“and even you forgot those brilliant flashes seen from afar” -Ruth Stone

Elisa Gabbert

GENEALOGY (SUCH DEEP CREASES)

I’ve known all my life that my father’s Uncle Joe was killed by his
wife.

It was almost a novelty story—a murder in the family!

At twelve or thirteen, I learned she was a serial killer—Joe the third
husband she poisoned with arsenic.

He was twenty-six when he died of kidney failure. A handsome, hero
pilot, back home safe from the war.

She brought him fresh juice every day in the hospital.

I was in my thirties when I found out Joe’s mother—my father’s
grandmother—my great grandmother—was “never the same.”

Joe was her favorite. Her life was ruined by grief.

This woman, my great grandmother, her name was Geneva. I had
forgotten.

I have a black & white photo of Geneva wearing pants, about to ride
in a bucket into Carlsbad Caverns.

When our lives overlapped, for five or six years, she seemed already
dead, still and silent.

I was forty when I learned there was no suspicion of murder until the
wife’s young daughter started getting sick too. A life insurance scam.

They exhumed my father’s uncle, and Joe’s older brother—my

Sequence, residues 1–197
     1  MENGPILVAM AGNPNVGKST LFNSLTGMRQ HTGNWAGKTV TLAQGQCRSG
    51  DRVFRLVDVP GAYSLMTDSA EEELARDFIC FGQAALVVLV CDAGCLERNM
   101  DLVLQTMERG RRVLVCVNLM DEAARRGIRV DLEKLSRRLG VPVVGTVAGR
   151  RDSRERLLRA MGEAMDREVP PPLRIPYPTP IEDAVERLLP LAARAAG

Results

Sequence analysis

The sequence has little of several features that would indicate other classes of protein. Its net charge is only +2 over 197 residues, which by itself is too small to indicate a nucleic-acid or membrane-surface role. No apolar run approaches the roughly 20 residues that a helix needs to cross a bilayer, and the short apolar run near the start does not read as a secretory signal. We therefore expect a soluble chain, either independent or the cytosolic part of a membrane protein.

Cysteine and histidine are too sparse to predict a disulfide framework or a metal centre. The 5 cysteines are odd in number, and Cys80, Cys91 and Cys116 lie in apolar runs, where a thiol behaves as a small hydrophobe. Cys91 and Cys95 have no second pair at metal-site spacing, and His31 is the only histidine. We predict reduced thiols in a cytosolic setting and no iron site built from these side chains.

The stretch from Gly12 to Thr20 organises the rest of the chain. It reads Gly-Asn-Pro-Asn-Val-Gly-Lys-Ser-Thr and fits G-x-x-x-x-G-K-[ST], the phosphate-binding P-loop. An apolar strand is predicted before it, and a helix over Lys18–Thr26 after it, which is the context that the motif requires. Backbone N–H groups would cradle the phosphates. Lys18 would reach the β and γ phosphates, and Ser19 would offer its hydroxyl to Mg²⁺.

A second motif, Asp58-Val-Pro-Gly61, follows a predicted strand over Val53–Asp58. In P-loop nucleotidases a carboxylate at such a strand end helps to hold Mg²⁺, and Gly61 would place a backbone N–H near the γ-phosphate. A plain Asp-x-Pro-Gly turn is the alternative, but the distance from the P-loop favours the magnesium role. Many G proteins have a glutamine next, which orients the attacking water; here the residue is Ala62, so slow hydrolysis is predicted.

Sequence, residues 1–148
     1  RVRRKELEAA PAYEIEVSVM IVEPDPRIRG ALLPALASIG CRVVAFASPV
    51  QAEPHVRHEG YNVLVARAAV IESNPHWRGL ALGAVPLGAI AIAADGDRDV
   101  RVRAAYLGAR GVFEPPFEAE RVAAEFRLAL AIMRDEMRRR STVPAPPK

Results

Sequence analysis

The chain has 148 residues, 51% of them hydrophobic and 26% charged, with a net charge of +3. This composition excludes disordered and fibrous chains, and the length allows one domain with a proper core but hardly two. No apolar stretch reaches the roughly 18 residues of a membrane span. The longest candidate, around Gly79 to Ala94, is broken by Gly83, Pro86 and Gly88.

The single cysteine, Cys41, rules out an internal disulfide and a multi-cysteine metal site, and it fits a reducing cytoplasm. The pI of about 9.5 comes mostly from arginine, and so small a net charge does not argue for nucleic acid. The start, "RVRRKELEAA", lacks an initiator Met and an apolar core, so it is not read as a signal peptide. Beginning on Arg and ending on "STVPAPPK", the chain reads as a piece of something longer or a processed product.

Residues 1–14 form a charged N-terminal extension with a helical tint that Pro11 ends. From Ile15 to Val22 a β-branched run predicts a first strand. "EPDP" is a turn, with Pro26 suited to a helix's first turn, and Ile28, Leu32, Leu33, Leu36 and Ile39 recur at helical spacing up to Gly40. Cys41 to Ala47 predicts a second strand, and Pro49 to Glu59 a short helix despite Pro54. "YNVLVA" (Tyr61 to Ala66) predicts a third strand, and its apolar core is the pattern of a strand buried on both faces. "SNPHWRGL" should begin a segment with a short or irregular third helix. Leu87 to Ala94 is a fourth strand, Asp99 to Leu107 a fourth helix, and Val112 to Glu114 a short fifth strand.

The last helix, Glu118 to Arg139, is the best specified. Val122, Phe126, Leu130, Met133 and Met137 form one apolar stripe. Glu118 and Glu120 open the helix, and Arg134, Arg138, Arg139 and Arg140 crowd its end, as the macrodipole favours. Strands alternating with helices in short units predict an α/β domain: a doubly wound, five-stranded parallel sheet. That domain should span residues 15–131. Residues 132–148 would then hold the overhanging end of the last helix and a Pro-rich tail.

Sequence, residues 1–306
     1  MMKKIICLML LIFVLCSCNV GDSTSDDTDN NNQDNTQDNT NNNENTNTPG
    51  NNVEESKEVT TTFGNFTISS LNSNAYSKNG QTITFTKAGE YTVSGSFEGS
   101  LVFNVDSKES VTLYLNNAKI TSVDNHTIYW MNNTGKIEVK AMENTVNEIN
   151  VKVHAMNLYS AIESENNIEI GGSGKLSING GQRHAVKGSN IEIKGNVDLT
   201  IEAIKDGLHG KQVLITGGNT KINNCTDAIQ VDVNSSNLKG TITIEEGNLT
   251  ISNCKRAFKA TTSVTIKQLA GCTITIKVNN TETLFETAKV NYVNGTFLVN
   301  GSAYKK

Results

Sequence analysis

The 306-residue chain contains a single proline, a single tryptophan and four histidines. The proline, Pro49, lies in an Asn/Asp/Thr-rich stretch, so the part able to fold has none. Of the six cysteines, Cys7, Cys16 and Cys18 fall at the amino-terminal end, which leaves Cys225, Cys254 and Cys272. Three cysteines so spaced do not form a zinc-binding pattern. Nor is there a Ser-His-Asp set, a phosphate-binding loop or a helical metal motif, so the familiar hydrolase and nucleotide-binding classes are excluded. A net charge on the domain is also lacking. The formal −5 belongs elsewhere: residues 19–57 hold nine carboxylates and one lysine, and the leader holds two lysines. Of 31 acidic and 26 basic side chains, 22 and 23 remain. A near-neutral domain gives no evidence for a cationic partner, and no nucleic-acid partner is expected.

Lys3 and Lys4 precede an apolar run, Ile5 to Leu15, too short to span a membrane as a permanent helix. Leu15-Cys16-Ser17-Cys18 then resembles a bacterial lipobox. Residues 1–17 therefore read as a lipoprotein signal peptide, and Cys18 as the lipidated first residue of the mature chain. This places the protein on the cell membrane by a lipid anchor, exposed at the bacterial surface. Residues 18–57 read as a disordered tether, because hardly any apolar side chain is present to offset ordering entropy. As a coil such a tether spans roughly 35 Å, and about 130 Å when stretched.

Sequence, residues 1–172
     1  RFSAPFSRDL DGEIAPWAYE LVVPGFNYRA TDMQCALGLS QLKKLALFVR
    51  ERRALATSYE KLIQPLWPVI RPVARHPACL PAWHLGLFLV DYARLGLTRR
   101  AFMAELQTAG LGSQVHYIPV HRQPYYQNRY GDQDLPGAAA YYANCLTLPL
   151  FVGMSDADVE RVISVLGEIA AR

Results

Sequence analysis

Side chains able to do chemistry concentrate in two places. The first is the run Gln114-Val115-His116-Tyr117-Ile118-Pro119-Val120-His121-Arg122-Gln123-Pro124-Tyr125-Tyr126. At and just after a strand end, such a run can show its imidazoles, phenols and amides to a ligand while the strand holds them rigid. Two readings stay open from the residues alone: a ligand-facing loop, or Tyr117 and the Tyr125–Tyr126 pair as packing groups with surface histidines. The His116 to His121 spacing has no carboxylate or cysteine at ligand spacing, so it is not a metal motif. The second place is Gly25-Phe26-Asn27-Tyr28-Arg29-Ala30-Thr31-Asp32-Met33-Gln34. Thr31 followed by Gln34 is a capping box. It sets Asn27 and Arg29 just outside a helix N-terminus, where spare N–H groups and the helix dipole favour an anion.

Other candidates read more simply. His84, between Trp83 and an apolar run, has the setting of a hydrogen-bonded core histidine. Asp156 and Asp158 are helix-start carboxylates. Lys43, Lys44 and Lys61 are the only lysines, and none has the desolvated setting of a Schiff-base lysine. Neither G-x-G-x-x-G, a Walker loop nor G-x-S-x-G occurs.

father’s father—my grandfather—had to identify the body.

We were in a restaurant when my father told me this.

“How long had he been buried?” I said. “Months,” he said. “Maybe a
year.” I thought of the word decay.

These people, long dead, became yet more real.

It’s taken my whole lifetime to understand they’re real.

They say “never forget,” but you can’t remember things you haven’t
experienced.

You can’t remember things you don’t know—but you can remember
things you don’t know you know.

My best friend gave me a kimono with such deep creases that they
never came out in the wash, no matter how many times I washed it.

It makes me think of a study I read about once that said butterflies
“remember” being caterpillars.

I wonder what I don’t know I remember, and how much room it’s
taking, on the long, boring drive across New Mexico.

It’s a good kind of boring—the miles of dead nothing, and then a
herd of tiny antelopes.

They make me think of Auden’s reindeer, moving silently and very fast
in their altogether elsewhere.

There is the elsewhere in the poem, and the elsewhere of the
poem—the deer are double elsewhere.

The poem is not here.

There is the past of the poem, a post-war poem, and the past in the
poem, which is about the fall of Rome, which I never remember.

Maybe now I will remember.

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Elisa Gabbert is the author of five collections of poetry, essays, and criticism: The Unreality of Memory & Other Essays; The Word Pretty; L’Heure Bleue, or the Judy Poems; The Self Unstable; and The French Exit. Read more

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